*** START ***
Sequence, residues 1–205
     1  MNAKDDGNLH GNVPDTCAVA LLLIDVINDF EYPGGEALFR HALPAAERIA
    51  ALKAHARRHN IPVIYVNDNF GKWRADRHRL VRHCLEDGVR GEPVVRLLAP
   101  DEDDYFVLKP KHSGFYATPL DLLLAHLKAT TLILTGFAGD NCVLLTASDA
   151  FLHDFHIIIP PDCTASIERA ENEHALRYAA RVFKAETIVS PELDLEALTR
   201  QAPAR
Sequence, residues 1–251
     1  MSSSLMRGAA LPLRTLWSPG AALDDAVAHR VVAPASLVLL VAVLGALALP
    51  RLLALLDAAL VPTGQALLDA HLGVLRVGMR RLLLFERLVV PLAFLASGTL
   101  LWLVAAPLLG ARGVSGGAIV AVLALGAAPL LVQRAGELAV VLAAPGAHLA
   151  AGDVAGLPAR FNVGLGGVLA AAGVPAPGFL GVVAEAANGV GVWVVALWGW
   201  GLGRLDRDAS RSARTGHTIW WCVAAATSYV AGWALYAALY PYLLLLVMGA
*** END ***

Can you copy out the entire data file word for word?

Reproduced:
Sequence, residues 1–205
     1  MNAKDDGNLH GNVPDTCAVA LLLIDVINDF EYPGGEALFR HALPAAERIA
    51  ALKAHARRHN IPVIYVNDNF GKWRADRHRL VRHCLEDGVR GEPVVRLLAP
   101  DEDDYFVLKP KHSGFYATPL DLLLAHLKAT TLILTGFAGD NCVLLTASDA
   151  FLHDFHIIIP PDCTASIERA ENEHALRYAA RVFKAETIVS PELDLEALTR
   201  QAPAR
Sequence, residues 1–251
     1  MSSSLMRGAA LPLRTLWSPG AALDDAVAHR VVAPASLVLL VAVLGALALP
    51  RLLALLDAAL VPTGQALLDA HLGVLRVGMR RLLLFERLVV PLAFLASGTL
   101  LWLVAAPLLG ARGVSGGAIV AVLALGAAPL LVQRAGELAV VLAAPGAHLA
   151  AGDVAGLPAR FNVGLGGVLA AAGVPAPGFL GVVAEAANGV GVWVVALWGW
   201  GLGRLDRDAS RSARTGHTIW WCVAAATSYV AGWALYAALY PYLLLLVMGA